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Naperville mayor says Century Walk should get $100,000 a year to create public art

Chicago Tribune logo Chicago Tribune 7/22/2021 Suzanne Baker, Naperville Sun, Ill.

Jul. 22—Century Walk would be guaranteed at least $150,000 a year to curate and maintain public art in the city over the next three years under a plan suggested by Mayor Steve Chirico this week.

At Tuesday's Naperville City Council meeting, Chirico said he wants Century Walk to be included for the next three years as a city obligation, similar to what's done with Naper Settlement, Naperville Municipal Band and the DuPage Children's Museum.

Each year the city distributes revenue generated from the city's 1% tax on food and beverages through the Special Events and Cultural Amenities Commission. While most organizations must apply for SECA money each year in the fall, those deemed city obligations are guaranteed funding.

Century Walk already receives $50,000 annually as an obligation to maintain public art. Chirico proposed adding another $100,000, which would be earmarked for public art placed on public property.

Other caveats suggested by the mayor include ending the annual contribution to Century Walk in three years, requiring a City Council liaison be assigned to the Century Walk board, and asking the group to provide an audited annual financial statement.

Century Walk approached the council in March asking for a guaranteed $150,000 on top of its $50,000 obligation.

John Gallagher, a committee member with the organization, told the council public art cannot survive on the inconsistent funding it's had over the last five years.

The council at the time voted 6-3 to table a final decision until details of how the arrangement would be structured was hashed out between the organization, city staff, members of the SECA Commission and a public art task force under SECA's auspices.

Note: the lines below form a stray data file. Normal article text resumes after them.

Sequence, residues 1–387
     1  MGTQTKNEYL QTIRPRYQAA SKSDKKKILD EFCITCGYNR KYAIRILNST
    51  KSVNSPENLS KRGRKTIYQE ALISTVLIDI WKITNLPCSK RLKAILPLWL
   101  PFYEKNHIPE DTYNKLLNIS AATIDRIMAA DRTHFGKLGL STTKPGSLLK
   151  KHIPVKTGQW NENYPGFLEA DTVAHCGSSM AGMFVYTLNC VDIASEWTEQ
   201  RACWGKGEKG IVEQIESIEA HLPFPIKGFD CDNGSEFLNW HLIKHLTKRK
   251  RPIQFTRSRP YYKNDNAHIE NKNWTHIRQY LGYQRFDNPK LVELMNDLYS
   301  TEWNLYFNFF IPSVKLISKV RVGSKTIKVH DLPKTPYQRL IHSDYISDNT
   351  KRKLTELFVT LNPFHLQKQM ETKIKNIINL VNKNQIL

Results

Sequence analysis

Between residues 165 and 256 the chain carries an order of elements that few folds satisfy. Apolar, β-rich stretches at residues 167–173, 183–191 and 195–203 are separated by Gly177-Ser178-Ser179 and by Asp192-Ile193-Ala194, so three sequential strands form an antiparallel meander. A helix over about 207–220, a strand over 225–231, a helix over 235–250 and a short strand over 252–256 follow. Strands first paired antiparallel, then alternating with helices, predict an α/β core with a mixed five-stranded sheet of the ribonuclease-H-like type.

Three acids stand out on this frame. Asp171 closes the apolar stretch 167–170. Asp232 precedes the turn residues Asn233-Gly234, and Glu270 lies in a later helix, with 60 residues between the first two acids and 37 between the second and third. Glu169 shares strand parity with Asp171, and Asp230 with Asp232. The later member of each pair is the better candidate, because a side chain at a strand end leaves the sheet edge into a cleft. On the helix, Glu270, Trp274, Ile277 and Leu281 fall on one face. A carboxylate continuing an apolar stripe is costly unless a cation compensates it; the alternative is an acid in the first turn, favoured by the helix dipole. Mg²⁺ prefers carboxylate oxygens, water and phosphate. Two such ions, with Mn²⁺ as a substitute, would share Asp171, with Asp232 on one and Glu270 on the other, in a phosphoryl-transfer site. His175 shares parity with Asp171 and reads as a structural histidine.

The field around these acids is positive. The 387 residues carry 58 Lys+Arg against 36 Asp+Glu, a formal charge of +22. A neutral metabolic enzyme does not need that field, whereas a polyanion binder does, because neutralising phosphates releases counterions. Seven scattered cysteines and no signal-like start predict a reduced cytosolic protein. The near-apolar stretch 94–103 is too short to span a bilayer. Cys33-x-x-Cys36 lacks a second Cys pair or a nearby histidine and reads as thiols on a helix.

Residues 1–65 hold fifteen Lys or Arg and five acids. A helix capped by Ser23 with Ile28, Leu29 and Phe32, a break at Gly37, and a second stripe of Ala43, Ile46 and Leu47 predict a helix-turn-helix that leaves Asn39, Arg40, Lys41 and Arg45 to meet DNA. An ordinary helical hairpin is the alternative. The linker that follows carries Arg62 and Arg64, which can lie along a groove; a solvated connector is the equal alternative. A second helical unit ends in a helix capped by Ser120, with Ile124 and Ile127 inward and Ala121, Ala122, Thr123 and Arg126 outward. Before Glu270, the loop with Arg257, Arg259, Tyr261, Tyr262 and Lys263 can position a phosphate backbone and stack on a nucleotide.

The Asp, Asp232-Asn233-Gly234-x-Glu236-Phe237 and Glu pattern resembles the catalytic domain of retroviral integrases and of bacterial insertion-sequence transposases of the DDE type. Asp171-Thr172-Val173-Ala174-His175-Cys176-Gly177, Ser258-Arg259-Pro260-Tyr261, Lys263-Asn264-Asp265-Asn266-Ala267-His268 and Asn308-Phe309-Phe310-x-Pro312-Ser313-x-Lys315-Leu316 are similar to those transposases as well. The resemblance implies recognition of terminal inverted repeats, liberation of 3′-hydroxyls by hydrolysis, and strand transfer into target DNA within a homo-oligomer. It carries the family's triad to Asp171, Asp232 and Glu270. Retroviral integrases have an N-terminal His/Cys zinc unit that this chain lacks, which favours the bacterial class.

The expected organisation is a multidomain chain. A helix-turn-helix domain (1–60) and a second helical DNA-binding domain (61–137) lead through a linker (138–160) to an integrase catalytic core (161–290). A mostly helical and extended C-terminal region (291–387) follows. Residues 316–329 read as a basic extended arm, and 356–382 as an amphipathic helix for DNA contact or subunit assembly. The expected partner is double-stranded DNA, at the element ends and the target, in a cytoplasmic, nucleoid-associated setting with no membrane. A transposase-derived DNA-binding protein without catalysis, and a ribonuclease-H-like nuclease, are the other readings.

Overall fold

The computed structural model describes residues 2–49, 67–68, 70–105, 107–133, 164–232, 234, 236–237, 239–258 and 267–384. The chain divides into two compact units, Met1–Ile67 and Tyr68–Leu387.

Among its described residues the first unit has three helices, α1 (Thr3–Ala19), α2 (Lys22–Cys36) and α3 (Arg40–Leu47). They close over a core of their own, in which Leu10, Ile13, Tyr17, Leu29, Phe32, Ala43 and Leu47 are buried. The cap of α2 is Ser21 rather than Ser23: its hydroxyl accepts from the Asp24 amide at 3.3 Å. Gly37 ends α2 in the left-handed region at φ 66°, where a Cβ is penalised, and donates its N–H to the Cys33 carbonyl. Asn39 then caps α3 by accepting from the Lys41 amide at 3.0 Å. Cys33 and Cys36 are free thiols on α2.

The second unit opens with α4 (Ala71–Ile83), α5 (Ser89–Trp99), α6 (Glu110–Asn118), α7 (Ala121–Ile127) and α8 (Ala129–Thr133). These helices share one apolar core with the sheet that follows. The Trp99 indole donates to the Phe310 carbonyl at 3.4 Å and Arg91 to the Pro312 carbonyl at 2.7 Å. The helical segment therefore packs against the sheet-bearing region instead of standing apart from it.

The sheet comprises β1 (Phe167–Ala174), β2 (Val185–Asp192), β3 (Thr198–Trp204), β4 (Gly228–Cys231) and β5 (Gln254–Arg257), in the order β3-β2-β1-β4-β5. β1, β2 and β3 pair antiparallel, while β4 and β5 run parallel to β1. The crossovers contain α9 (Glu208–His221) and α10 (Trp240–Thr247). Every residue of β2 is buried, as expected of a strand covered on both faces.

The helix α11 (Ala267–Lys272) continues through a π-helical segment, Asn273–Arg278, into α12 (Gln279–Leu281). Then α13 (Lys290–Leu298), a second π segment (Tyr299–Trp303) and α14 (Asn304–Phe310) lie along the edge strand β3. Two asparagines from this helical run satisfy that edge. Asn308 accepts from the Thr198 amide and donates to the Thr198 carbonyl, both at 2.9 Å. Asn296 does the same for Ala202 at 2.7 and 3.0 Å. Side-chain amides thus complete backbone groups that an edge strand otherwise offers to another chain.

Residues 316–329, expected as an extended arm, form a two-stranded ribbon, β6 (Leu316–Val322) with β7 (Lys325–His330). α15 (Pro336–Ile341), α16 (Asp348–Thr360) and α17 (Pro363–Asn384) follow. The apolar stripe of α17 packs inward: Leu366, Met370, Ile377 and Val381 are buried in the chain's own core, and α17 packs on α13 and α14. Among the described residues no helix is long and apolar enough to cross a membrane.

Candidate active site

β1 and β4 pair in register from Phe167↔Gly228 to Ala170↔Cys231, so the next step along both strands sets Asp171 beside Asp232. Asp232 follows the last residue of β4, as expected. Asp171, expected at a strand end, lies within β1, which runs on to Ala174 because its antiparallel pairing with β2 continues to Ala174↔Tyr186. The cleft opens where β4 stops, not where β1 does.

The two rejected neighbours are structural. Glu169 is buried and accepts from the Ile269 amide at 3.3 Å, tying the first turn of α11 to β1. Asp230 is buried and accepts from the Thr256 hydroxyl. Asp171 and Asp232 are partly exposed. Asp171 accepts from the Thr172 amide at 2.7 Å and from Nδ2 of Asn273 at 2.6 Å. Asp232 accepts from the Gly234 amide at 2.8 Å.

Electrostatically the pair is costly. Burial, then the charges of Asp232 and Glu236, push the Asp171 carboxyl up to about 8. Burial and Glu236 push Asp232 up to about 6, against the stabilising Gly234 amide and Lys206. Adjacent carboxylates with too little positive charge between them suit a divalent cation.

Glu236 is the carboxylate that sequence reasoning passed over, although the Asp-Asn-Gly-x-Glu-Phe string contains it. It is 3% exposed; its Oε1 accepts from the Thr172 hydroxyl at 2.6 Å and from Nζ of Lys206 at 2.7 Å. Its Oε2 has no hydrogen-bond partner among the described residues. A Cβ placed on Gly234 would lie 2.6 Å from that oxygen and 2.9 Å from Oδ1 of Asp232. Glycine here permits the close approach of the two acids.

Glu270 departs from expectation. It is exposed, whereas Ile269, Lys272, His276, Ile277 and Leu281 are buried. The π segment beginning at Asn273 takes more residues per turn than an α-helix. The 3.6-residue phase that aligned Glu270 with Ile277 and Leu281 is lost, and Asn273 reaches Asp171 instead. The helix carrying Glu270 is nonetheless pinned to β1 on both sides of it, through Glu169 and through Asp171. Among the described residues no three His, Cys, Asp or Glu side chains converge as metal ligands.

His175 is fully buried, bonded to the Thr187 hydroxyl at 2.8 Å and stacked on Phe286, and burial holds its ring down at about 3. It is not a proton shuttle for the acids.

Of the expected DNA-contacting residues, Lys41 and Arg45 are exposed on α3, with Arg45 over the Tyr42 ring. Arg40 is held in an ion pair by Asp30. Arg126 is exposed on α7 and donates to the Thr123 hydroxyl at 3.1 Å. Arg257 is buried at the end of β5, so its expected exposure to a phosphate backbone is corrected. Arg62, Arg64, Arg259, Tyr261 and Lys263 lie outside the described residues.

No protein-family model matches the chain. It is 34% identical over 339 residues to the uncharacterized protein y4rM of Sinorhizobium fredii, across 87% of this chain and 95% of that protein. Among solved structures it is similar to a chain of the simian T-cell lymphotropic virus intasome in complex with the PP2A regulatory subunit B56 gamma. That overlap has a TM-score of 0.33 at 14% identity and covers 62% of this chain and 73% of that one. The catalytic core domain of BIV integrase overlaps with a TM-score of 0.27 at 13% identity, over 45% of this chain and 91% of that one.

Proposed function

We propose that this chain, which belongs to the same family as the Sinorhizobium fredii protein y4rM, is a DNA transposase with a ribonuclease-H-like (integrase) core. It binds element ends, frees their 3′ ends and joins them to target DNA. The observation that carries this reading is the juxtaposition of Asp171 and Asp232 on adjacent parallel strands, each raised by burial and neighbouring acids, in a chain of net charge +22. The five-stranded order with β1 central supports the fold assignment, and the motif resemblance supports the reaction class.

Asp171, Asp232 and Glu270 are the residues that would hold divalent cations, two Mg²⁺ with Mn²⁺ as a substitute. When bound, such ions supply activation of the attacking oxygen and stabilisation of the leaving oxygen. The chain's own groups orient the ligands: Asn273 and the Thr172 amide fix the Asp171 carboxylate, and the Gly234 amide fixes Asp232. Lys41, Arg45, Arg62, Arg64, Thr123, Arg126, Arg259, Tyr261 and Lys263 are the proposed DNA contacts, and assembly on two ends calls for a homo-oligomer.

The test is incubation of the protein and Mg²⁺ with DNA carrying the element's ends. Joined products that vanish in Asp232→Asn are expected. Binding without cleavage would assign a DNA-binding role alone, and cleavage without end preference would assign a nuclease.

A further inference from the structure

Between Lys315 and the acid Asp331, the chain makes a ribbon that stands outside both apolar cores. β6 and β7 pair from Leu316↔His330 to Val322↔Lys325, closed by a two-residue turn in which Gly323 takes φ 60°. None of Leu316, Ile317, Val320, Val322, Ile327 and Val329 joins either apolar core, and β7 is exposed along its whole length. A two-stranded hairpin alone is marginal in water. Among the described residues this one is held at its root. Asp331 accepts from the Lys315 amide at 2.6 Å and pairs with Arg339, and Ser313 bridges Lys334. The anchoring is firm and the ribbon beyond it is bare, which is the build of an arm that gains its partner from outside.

Chirico, who was among those who voted to table the idea, said he wanted to wait 62 days before broaching the subject again.

The mayor's request was met by some pushback from three council members, who questioned why he wasn't waiting for the recommendation from a task force studying public art funding before making his proposal.

Councilwoman Theresa Sullivan asked about oversight of the money, whether unused allocations can be carried over to the next year and if the public will have input in the process.

Chirico said the council liaison and audited reports would provide the transparency. He added that art projects often take multiple years and any unused amount should be carried forward to the next year.

In terms of public input, Chirico said it's a reasonable request to have the Century Walk board involve an inclusive group of people.

Councilman Patrick Kelly said the city is on the threshold of having a recommendation from the task force and the SECA Commission.

"Why would we try to preempt that by two months? It doesn't make a lot of sense there," Kelly said. "I think it's no secret that public art has been a little bit of a contentious issue, and I think trying to rush that process."

He said he'd prefer the process play out so there's more of an opportunity for council consensus, rather than a split vote.

Councilman Ian Holzhauer said Century Walk has provided many statues and murals that honor Naperville's history, and there's no question long-range planning is needed to maintain the collection.

"But by the same token, long-range planning ― particularly planning that's funded with taxpayer money ― requires careful attention to detail," he said. "In our enthusiasm to support art, I worry that we are bypassing a process. This is a process that City Council directed staff and a relevant city commission to undertake."

Holzhauer said he expects the commission would put together recommendations that will include oversight and budget safeguards for making sure money is spent on relevant projects.

"I haven't heard a compelling reason to not at least review the recommendations of this commission, which should be out this fall, before taking a vote," he said.


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